Not currently on display at the V&A

Heat Haze

Vase
1992 (made)
Artist/Maker
Place Of Origin

Osumi's work is characterised by gracefully proportioned forms and generously flowing surface patterning executed in 'textile-imprint-inlay' (J: nunomezogan). This involves hammering metal leaf or wire into a fine, mesh-like grid incised into the surface of the metal ground. On this particular work she has used lead and gold in the rendering of an abstract pattern that swirls around the vase in the opposite direction to the spiral faceting. This gives stability to the overall composition while providing colour and a sense of energy and drama. After the inlaying had been completed, the vase was pickled black and then polished so that just enough of the patina remained to show off the intricate texture of the hammered surface. The bright, unpatinated bands bordering the areas of lead inlay are the natural outcome of the way in which the presence of lead prevented the blackening of the silver in the patinating bath.


object details
Categories
Object Type
Parts
This object consists of 2 parts.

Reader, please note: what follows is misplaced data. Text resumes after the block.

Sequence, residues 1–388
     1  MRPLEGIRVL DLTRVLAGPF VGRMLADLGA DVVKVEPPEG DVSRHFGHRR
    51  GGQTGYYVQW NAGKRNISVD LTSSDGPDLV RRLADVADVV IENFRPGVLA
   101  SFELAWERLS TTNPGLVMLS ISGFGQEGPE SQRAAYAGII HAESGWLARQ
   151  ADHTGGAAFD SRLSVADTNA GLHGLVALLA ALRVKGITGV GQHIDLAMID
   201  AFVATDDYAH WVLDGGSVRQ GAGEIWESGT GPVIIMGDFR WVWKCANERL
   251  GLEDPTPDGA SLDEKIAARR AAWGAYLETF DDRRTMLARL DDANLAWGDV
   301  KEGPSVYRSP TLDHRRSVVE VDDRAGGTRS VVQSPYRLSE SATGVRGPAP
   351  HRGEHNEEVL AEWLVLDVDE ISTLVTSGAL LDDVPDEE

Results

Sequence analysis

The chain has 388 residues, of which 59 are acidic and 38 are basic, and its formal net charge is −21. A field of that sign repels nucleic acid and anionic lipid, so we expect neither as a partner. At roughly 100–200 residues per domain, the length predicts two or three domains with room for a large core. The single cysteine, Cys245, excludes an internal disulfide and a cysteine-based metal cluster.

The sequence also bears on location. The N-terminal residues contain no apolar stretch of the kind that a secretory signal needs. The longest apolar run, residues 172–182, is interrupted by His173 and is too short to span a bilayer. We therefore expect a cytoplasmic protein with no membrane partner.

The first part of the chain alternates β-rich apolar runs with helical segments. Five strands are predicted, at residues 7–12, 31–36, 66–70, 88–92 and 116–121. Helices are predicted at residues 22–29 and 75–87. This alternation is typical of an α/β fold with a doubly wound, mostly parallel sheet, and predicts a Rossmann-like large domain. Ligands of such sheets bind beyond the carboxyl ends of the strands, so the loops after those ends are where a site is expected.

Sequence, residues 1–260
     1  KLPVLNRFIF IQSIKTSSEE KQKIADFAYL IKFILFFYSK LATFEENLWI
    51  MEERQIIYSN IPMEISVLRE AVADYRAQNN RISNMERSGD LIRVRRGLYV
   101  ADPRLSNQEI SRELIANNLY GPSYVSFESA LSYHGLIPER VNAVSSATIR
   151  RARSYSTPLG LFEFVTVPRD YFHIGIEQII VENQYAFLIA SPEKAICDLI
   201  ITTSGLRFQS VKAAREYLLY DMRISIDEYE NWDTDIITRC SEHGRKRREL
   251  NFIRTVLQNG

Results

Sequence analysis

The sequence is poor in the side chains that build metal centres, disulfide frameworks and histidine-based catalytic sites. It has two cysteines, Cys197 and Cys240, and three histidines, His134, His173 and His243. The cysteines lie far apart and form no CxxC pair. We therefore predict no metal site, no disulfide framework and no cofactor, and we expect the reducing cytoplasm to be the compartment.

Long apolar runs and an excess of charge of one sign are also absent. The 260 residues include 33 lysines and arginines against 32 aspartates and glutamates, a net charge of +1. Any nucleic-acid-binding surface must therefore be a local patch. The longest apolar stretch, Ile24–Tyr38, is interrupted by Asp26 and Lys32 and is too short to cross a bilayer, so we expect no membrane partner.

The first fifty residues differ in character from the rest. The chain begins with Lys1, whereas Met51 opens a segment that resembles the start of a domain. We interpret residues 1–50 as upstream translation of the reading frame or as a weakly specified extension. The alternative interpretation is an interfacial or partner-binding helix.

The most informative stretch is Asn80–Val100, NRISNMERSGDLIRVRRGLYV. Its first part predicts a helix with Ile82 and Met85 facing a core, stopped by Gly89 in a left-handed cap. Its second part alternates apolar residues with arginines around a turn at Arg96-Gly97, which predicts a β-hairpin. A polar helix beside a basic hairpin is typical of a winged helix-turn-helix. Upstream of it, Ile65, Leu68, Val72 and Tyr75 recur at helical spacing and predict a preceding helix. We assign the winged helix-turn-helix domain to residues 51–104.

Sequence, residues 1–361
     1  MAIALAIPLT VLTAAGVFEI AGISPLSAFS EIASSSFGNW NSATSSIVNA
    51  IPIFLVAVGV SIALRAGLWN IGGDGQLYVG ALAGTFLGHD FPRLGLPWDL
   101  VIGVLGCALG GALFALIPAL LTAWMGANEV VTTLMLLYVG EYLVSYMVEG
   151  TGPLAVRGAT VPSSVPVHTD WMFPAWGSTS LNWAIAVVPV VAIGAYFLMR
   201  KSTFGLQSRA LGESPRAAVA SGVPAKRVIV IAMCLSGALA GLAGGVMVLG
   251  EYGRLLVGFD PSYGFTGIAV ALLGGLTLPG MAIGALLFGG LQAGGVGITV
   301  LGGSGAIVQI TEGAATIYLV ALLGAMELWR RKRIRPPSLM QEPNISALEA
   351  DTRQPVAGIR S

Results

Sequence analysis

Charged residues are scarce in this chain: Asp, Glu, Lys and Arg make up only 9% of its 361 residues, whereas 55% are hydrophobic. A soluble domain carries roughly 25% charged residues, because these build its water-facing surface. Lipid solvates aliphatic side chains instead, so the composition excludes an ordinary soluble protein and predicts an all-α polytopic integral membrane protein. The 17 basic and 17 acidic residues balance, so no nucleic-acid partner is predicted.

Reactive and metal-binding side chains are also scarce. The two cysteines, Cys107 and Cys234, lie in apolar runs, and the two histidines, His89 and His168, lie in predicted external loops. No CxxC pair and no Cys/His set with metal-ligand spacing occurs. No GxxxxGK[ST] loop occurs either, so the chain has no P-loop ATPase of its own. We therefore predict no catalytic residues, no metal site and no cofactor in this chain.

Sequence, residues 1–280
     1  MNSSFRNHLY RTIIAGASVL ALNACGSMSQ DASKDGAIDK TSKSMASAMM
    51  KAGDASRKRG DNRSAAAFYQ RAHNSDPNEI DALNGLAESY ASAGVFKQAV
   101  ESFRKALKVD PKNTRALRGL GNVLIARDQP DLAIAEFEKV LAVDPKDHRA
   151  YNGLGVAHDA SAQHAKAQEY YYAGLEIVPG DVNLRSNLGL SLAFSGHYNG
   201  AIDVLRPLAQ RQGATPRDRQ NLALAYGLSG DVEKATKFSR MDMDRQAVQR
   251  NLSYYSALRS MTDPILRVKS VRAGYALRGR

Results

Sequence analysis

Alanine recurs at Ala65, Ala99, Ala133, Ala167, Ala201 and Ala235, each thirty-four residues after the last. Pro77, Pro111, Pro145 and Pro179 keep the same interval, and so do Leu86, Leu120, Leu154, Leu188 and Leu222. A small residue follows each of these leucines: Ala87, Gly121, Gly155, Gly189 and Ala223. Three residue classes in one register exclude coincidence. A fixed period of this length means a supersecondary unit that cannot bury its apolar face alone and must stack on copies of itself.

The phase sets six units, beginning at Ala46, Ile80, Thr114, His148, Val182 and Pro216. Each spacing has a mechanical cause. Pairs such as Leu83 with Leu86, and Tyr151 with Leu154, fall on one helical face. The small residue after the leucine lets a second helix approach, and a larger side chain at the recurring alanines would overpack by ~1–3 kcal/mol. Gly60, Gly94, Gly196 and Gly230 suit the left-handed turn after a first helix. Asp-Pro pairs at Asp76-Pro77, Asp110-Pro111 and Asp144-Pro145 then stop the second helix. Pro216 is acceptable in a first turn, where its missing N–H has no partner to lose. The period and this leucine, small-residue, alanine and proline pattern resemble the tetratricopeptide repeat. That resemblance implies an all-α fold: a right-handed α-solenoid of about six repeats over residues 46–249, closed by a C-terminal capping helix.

• Vase
  • Storage Box
Materials and Techniques
Hammered silver with nunomezogan (textile imprint inlay) decoration in lead and gold
Dimensions
  • Diameter: 14.8cm
  • Height: 31.5cm
Marks and Inscriptions
Yuki (Maker’s mark YUKI incised on base)
Object history
Colour and texture have been provided by Osumi's use of gold and lead inlay on the hammered silver surface. After the inlay work had been completed, the bottle was pickled black and then polished so that just enough of the patina remained to show the intricate texture of the hammered surface.
Summary
Osumi's work is characterised by gracefully proportioned forms and generously flowing surface patterning executed in 'textile-imprint-inlay' (J: nunomezogan). This involves hammering metal leaf or wire into a fine, mesh-like grid incised into the surface of the metal ground. On this particular work she has used lead and gold in the rendering of an abstract pattern that swirls around the vase in the opposite direction to the spiral faceting. This gives stability to the overall composition while providing colour and a sense of energy and drama. After the inlaying had been completed, the vase was pickled black and then polished so that just enough of the patina remained to show off the intricate texture of the hammered surface. The bright, unpatinated bands bordering the areas of lead inlay are the natural outcome of the way in which the presence of lead prevented the blackening of the silver in the patinating bath.
Bibliographic Reference
Rupert Faulkner. Japanese Studio Crafts: Tradition and the Avant-Garde. London, 1995.
Collection
Accession Number
FE.561:1,2-1992

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record createdMarch 11, 2004
Record URL